It takes songbirds and baseball pitchers thousands of repetitions -- a choreography of many muscle movements -- to develop an irresistible trill or a killer slider. Now, scientists have discovered that the male Bengalese finch uses a simple mental computation and an uncanny memory to create its near-perfect mate-catching melody -- a finding that could have implications for rehabilitating people with neuromuscular diseases and injuries.
Young male Bengalese finches practice their boisterous mating song hundreds of times a day, comparing their melody to the songs of their tutors. By the time they are adults, they have zeroed in on a "successful" pitch for each note in their song. But throughout life they continuously monitor their tune, working to maintain it in the face of such factors as aging, hormone levels, muscular injuries, and illness.
In their study, the UCSF neuroscientists explored the way in which the songbirds learn to perfect and maintain their song, a model of how one learns -- and might relearn -- fine motor skills when provided only simple reinforcement signals of success or failure.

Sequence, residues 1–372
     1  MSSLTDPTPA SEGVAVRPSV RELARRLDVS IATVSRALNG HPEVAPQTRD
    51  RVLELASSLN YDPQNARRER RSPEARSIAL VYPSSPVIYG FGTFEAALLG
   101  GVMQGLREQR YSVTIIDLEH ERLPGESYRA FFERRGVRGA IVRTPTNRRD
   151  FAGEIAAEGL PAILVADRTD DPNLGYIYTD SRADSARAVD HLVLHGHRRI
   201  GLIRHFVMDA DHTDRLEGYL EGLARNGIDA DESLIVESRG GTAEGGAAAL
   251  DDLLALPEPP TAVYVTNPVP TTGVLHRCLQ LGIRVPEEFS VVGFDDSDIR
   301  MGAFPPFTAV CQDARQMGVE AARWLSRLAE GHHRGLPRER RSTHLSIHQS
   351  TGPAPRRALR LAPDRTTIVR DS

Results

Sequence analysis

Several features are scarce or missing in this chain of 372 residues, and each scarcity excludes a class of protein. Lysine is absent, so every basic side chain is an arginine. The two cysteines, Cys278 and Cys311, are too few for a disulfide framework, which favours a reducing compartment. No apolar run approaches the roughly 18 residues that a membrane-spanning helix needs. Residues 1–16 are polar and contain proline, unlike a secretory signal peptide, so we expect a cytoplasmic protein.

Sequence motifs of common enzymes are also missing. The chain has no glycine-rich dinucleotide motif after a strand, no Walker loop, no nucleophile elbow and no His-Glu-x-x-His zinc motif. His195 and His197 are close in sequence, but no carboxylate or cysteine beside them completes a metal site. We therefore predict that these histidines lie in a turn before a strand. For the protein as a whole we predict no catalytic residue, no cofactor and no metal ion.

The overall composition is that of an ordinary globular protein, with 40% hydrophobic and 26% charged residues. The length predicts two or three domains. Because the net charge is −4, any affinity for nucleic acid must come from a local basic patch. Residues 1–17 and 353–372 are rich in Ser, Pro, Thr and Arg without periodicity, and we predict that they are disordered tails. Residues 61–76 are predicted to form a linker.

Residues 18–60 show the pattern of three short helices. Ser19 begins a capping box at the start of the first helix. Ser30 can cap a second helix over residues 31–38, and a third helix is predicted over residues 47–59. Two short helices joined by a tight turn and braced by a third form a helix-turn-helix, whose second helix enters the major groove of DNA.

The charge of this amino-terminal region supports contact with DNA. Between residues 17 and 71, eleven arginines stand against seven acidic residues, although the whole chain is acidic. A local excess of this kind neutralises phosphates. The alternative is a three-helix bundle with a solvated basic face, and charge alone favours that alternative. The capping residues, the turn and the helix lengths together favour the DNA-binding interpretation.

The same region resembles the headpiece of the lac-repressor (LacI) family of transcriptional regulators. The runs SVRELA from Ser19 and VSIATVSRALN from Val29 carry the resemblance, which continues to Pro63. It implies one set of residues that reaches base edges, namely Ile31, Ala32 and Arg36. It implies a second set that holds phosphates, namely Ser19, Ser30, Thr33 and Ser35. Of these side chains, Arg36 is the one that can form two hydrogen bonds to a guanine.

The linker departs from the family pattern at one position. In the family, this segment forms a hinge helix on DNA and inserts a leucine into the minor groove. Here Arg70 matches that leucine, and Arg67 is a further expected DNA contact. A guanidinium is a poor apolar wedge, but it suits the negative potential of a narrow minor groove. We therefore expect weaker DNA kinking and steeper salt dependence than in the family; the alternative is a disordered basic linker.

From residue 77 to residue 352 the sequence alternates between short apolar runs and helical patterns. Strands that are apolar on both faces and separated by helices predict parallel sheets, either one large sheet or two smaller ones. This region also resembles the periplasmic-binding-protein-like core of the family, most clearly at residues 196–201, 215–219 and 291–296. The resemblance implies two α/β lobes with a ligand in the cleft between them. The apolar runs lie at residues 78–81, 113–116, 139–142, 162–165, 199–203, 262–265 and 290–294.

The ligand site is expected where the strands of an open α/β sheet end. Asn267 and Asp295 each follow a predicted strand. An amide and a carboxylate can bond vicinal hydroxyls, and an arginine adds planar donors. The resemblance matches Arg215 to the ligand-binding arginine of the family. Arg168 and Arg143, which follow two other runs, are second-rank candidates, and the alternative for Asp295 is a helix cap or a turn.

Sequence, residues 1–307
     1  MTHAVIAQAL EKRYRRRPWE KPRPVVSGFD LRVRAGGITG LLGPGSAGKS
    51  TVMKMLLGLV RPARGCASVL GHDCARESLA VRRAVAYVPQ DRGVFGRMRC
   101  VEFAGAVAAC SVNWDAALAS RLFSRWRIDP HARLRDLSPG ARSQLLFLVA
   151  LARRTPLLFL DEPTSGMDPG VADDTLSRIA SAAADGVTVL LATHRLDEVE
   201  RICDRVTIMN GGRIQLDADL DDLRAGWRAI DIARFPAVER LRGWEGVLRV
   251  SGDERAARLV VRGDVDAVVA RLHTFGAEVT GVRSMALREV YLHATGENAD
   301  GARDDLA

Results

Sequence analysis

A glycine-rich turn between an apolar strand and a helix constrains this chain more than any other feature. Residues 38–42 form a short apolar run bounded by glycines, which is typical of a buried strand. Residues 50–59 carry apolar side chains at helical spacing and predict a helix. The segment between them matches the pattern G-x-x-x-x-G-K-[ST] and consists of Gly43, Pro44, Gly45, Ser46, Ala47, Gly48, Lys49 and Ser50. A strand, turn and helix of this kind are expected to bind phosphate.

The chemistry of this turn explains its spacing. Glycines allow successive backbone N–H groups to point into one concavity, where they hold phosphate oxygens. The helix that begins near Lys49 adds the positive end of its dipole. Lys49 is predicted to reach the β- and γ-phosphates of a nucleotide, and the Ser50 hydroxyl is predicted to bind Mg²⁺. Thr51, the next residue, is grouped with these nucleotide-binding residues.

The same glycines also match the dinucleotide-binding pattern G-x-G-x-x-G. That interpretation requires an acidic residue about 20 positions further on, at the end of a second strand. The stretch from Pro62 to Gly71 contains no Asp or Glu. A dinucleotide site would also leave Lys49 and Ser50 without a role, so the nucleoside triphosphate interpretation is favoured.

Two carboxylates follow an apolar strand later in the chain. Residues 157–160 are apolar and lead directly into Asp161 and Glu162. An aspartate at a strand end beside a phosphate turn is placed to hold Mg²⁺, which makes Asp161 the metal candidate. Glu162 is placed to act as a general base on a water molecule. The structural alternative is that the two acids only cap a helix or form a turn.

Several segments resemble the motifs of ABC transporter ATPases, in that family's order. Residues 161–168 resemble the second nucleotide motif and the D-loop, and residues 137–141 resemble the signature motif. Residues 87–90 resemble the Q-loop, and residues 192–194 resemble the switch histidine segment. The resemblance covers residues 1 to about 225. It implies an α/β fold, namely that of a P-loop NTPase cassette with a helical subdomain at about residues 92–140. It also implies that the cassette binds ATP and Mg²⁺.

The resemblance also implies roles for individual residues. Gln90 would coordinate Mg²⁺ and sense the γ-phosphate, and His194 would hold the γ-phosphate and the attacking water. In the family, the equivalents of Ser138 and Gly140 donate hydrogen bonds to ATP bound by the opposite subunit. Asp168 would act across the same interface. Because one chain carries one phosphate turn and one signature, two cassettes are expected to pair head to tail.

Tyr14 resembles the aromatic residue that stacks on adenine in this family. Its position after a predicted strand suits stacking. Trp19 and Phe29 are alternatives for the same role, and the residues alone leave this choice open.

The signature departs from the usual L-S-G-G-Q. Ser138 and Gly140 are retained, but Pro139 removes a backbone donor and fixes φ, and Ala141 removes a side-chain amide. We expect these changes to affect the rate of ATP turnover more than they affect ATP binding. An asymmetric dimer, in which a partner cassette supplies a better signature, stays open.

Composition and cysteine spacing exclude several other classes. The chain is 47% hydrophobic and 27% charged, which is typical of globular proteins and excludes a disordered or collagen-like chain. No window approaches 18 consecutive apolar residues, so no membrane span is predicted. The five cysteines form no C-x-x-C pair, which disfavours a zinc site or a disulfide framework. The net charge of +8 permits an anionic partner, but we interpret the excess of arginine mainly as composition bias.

In a series of experiments, they exposed the singing birds to a sound they did not like at the precise moment they were uttering a specific note, or syllable. After many exposures, the birds learned to alter the pitch of that syllable to avoid prompting the sound. But it was the way in which they did this that was remarkable.
The finches learned to change the pitch of a single note by computing the average pitch of hundreds of what they perceived as successful performances of that note -- when they avoided hearing the unpleasant sound. The mental computation required the birds' brains to remember every slight change in pitch of a single syllable sung perhaps 500 times in a day.
"We were very surprised that the brain can direct so complex a behavioral change with such a simple type of computation," said the lead author of the paper, Jonathan Charlesworth, a UCSF PhD candidate in neuroscience in the lab of senior author Michael Brainard, PhD, associate professor of physiology.
The finding suggests "it might be possible to guide a damaged nervous system to recovery using only a simple automated/computerized system that emits simple instructive signals," said Charlesworth. "Given that the averaging rule was true even for subtle details of song, an automated therapeutic strategy could help people regain the intricate details of fine motor skills like playing the piano, articulating speech, or dancing."